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[OXFORD] In this podcast, Alexander Betts, director of the Humanitarian Innovation Project (HIP) at the University of Oxford, United Kingdom, discusses why — and how — the global community should radically rethink humanitarian responses to refugees.
Refugee economies, a myth-busting report published today (World Refugee Day) by HIP, says responses to refugee crises are often designed around short-term protection and assistance — an unsustainable strategy that frequently leads to “long-term misery”. [1]
But there are alternatives. In the interview, Betts describes how HIP’s investigations in Uganda — a country with an unusually liberal policy towards refugee employment and freedom of movement — brought researchers into contact with vibrant economic networks of refugees, often geared around technological innovation, such as maize milling businesses and radio stations. He says such networks have enabled refugees to become more self-sufficient and to contribute to the national economy, bringing benefits to both refugee and host communities.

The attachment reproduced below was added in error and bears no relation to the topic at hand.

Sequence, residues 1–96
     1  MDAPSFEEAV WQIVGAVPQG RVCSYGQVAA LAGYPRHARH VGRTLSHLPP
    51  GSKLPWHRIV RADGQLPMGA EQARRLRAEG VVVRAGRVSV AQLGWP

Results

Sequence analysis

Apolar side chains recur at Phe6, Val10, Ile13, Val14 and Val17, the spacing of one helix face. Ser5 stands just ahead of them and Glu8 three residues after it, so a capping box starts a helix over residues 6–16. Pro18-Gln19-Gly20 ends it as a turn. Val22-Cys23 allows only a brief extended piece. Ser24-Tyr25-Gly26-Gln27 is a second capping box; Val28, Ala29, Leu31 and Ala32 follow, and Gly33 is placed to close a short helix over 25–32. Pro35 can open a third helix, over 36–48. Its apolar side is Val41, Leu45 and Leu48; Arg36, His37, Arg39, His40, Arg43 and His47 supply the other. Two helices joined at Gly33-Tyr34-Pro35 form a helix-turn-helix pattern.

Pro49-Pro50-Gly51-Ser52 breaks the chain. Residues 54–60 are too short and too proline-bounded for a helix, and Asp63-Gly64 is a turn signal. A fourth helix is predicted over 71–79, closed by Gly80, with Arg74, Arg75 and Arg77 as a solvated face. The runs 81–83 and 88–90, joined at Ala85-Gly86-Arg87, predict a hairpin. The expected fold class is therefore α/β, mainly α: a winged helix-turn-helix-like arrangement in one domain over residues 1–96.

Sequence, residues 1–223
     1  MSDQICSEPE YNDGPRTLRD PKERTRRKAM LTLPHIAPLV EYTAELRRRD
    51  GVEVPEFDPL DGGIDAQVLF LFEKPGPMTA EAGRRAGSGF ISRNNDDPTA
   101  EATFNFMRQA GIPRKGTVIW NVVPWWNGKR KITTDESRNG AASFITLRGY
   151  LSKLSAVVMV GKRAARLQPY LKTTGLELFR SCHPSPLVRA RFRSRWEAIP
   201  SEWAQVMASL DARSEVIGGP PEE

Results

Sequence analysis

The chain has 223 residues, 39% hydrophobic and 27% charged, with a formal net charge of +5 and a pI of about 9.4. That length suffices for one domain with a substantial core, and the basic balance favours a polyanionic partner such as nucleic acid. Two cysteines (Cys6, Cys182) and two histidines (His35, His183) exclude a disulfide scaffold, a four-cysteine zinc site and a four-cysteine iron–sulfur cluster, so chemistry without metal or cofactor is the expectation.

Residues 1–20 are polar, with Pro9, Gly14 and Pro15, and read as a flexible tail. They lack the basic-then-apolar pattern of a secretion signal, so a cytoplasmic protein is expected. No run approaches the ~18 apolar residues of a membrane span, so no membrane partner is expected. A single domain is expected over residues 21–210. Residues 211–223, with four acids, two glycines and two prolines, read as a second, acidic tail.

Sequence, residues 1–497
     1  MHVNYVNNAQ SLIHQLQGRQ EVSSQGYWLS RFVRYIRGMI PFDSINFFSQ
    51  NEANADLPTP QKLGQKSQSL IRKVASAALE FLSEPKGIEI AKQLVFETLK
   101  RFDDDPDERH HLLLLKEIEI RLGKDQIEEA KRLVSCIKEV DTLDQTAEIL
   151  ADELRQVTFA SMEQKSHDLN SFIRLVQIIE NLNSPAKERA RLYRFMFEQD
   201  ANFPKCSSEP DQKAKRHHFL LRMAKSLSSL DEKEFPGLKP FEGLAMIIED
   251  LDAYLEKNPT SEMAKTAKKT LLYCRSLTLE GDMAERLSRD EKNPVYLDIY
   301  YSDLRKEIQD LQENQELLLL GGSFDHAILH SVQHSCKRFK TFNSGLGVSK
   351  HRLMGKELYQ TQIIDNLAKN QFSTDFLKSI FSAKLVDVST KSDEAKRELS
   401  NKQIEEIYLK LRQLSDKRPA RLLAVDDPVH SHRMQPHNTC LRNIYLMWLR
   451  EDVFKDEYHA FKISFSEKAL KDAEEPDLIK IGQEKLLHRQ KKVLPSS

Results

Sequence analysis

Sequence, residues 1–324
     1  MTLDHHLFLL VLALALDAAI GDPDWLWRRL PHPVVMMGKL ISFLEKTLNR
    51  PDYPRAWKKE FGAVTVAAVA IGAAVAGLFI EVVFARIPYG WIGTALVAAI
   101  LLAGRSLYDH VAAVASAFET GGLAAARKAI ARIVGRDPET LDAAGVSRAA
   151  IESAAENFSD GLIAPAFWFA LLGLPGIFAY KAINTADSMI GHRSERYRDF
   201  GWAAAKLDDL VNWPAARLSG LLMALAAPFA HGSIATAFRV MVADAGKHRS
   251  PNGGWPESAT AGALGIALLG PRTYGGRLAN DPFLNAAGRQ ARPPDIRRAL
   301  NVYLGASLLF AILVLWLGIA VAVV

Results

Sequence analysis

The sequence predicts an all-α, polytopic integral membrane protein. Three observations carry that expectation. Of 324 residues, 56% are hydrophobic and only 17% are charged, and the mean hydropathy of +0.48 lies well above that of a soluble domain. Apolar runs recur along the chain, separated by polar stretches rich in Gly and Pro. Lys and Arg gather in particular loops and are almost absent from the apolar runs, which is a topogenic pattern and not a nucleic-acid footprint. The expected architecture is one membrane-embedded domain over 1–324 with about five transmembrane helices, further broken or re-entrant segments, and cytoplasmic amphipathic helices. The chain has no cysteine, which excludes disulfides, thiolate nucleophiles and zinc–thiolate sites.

Link to Refugee economies

> Link to accompanying image gallery about refugee tech innovators in Uganda


[1] Alexander Betts and others Refugee economies: Rethinking popular assumptions (Humanitarian Innovation Project, June 2014)